This short explainer will provide you with a straightforward understanding of what the dichotomy of control is and how you can use it in your Stoic practice.
Definition Of The Dichotomy Of Control
The dichotomy of control as a Stoic concept comes to us from Epictetus. He describes it as follows at the beginning of his Enchiridion:
Some things are within our power, while others are not. Within our power are opinion, motivation, desire, aversion, and, in a word, whatever is of our own doing; not within our power are our body, our property, reputation, office, and, in a word, whatever is not of our own doing.
In other words, the only things we are in complete control of are our judgements and our actions. Everything else in life – including things like wealth, health, and other people’s opinions – depend to some extent on external circumstances. We can try to influence these things but ultimately we do not have complete control over them.
What the Stoics Said
Armed with the definition of the dichotomy of control, Epictetus tells us that our job is then to develop the wisdom to distinguish what things are and what things are not within our control. We should then focus on what is within our control and work on accepting what is not:
The chief task in life is simply this: to identify and separate matters so that I can say clearly to myself which are externals not under my control, and which have to do with the choices I actually control. Where then do I look for good and evil? Not to uncontrollable externals, but within myself to the choices that are my own.Epictetus, Discourses 2.5.4–5
In his book, The Stoic Guide to a Happy Life, Massimo Pigliucci cites a passage of Cicero’s as the best metaphor he has come across to properly understand the dichotomy of control:
If someone were to make it their purpose to take a true aim with a spear or arrow at some mark, their ultimate end, corresponding to the ultimate good as [the Stoics] pronounce it, would be to do all they could to aim straight: the person in this illustration would have to do everything to aim straight, yet, although they did everything to attain their purpose, their “ultimate end,” so to speak, would be what corresponded to what we call the Chief Good in the conduct of life, whereas the actual hitting of the mark would be in our phrase “to be chosen” but not “to be desired.Cicero, On the Ends of Good and Evil
Pigliucci goes on to further clarify:
It comes naturally to think that the dichotomy is too strict: surely there are a number of things that fall in between the two “control” and “no control” categories… Think of it this way. As clearly illustrated in Cicero’s passage, everything we influence can in turn be broken down into the two components of control and no-control: practicing archery belongs to the first, a gust of wind to the second; the choice of when to let the arrow go to the first, a sudden evasive maneuver by the target to the second. And so on…
The most important passage in Cicero’s metaphor is the very last one: hitting the mark is to be chosen, but not to be desired. Obviously, the archer intends to hit the target, that’s the whole point. Similarly, we prefer to be healthy rather than sick, wealthy rather than poor, and so forth. But because these outcomes are not entirely under our control—and assuming we have done our best regarding what is under our control—then our self-worth should not depend on hitting the target (or being healthy, wealthy, etc.).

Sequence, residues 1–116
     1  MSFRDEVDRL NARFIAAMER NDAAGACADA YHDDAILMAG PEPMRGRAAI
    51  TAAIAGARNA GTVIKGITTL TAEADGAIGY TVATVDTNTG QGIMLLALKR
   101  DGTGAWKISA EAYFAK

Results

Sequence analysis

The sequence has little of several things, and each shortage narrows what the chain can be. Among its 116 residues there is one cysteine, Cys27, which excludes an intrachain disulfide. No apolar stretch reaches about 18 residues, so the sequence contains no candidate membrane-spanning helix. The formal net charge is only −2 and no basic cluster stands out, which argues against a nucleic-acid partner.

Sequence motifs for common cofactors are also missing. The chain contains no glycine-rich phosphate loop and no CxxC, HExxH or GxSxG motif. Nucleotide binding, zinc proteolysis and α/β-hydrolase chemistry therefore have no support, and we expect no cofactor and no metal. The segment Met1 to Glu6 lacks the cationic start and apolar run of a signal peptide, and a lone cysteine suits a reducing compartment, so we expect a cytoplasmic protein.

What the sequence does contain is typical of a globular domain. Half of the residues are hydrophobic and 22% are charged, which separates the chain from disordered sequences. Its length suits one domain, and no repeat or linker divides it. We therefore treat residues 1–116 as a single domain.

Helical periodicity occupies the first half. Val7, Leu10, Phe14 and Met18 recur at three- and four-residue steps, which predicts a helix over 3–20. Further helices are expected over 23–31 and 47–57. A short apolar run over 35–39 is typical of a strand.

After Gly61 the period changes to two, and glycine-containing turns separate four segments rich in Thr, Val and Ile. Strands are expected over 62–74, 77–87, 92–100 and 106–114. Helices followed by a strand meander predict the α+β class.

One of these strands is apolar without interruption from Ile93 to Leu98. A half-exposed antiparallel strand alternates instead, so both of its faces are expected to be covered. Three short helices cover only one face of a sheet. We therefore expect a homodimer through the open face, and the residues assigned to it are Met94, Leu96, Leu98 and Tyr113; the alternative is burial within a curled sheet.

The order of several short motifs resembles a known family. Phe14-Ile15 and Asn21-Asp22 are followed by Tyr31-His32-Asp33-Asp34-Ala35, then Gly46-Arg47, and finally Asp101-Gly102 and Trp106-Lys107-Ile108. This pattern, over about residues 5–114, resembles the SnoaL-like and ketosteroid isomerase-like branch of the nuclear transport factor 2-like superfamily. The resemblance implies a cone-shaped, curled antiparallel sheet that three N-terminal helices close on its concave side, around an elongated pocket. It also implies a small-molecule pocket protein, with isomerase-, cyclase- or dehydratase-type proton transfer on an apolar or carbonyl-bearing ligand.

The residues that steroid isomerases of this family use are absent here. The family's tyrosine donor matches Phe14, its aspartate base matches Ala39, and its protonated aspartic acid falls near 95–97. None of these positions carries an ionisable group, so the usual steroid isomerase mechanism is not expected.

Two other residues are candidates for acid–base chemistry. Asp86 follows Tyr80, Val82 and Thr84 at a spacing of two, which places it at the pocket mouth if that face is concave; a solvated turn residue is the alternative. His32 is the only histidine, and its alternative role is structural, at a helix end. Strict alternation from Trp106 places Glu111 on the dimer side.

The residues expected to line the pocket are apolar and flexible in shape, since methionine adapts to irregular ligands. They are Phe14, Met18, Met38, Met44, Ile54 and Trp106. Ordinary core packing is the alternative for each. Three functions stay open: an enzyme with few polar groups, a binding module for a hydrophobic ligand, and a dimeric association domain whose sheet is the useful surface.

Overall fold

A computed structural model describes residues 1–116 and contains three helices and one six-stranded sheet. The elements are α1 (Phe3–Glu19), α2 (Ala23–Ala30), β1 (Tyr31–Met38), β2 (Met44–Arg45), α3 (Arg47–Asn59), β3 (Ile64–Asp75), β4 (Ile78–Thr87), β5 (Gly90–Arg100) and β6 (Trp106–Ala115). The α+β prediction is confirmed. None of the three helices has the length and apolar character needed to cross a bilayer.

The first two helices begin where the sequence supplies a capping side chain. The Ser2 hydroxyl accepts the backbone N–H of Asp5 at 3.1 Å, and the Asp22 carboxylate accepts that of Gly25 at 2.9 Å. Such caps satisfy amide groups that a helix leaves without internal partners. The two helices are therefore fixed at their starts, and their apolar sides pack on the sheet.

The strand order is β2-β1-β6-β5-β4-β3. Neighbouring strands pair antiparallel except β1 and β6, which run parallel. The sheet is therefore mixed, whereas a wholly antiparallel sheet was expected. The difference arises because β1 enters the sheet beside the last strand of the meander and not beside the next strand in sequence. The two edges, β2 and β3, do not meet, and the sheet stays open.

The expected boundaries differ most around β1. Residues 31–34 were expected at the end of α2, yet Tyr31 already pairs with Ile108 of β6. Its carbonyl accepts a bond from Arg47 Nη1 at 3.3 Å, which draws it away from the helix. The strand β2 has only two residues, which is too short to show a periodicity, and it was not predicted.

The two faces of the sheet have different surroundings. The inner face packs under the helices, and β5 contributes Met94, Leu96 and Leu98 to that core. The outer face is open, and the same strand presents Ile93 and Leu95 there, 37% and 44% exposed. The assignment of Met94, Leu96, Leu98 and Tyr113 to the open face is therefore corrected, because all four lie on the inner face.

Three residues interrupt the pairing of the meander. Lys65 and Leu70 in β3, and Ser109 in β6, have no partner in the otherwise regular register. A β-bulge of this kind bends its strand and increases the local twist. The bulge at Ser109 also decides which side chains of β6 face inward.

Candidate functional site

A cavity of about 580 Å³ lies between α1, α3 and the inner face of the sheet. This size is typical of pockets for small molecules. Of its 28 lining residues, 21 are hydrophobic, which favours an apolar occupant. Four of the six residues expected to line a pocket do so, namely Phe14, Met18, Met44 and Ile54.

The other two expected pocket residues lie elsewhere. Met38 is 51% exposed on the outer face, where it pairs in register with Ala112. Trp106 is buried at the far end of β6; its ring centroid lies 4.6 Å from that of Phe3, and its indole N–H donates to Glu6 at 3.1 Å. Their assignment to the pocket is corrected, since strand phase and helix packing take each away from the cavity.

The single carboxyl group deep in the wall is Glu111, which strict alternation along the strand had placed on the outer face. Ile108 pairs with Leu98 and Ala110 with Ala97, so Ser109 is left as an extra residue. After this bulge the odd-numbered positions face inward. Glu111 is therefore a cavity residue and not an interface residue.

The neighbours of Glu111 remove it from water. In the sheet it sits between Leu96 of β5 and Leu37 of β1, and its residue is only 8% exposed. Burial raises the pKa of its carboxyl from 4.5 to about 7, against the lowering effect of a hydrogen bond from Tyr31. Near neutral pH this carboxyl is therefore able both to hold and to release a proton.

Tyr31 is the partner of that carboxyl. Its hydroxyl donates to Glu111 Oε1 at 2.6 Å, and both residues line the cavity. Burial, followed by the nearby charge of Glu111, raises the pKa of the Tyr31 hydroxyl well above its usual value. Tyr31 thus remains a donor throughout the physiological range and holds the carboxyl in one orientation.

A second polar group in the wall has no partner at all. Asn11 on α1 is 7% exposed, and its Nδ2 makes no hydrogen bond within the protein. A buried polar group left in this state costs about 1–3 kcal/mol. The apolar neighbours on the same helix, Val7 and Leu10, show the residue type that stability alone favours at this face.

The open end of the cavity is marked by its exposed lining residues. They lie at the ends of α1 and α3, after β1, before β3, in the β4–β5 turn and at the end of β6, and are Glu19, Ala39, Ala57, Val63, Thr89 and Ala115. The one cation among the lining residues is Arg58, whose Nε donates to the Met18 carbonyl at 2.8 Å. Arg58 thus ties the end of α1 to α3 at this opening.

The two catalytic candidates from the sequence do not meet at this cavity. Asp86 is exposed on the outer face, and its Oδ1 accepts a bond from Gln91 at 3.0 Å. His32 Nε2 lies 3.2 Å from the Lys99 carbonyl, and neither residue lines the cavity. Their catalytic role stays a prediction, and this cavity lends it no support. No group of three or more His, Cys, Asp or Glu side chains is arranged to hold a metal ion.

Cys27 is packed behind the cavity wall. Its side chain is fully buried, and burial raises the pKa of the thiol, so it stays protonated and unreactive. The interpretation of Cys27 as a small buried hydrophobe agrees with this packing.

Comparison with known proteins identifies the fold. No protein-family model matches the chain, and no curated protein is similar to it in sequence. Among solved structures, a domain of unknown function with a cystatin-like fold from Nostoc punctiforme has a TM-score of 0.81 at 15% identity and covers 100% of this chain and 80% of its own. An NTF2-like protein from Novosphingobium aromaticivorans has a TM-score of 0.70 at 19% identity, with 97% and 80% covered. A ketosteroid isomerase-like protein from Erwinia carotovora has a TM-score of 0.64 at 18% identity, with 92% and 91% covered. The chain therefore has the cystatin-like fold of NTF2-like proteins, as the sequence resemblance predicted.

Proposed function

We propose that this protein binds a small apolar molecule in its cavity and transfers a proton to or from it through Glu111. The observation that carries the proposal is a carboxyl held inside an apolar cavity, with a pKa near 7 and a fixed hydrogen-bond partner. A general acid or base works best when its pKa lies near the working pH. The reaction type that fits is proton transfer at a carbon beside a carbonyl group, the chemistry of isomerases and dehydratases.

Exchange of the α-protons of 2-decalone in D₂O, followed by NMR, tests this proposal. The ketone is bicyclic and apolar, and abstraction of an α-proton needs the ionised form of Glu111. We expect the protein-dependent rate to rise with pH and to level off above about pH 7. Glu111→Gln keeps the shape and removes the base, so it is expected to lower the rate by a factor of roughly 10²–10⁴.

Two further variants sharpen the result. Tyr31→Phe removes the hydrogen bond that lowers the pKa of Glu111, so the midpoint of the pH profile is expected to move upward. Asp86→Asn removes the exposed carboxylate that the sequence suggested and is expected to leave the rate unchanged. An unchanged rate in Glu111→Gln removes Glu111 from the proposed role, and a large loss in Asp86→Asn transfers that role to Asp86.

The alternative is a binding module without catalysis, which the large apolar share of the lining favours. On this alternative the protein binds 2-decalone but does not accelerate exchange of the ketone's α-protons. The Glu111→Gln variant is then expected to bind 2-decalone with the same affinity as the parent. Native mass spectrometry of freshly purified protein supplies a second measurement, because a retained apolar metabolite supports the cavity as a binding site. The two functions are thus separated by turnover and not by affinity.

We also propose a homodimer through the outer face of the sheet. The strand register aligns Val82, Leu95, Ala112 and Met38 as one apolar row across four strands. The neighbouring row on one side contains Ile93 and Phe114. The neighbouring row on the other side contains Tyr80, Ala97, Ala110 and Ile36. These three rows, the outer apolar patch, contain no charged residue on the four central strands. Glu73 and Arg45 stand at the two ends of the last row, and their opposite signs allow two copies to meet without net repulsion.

In life, sometimes we win and sometimes we lose, so equanimity toward outcomes (we “choose” them but we don’t “desire” them) is the only reasonable attitude to cultivate.
How Can I Use The Dichotomy Of Control Right Now?
Putting the dichotomy of control to use in everyday life is a powerful technique. It is simple in its implementation but takes practice.
You can start small with this writing exercise.
- Choose an event that has recently caused you some difficulty or that you are still having trouble with. To ensure you aren’t taking on too much too soon, pick an event that wasn’t/isn’t too distressing.
As Epictetus said: “Start with things of little value”. As you get more comfortable with the technique you can progress to matters of greater consequence.
- Take a blank page and draw a line down the middle. Label your two columns “Completely within my control” and “Not completely within my control”.
- For the event you have chosen, describe briefly why it is bothering you then list its components. Write each component in the relevant column.
- If something in the second column seems to be partially within your control, it may be useful to separate its components out further.
- You should notice that your “Completely within my control” list consists mainly of judgements you make and actions you take.
- This gives you an actionable list of things you can focus on. This practical focus should make it easier to accept and let go of the things that are outside your control.
Event: “An upcoming job interview. I am worried that I won’t be able to answer the questions and therefore won’t be offered the job.”
|Completely Within My Control
|Not Completely Within My Control
|My intention to show up on time
|Actually showing up on time – some accident or delay could prevent it
|Preparing as best I can
|The questions I will be asked
|Adopting a professional but friendly attitude
|Whether the interviewers adopt the same attitude
|Viewing the interview as valuable experience for future interviews
|The decision to offer me a job or not
Through this short exercise we are able to place a greater focus on the elements of the situation that are under our control, namely our judgements and actions in relation to it.
Even though we have taken our attention away from our preferred outcome, which is ultimately outside our control, we have ironically given ourselves a better chance of achieving that outcome by concentrating more on our preparation and attitude.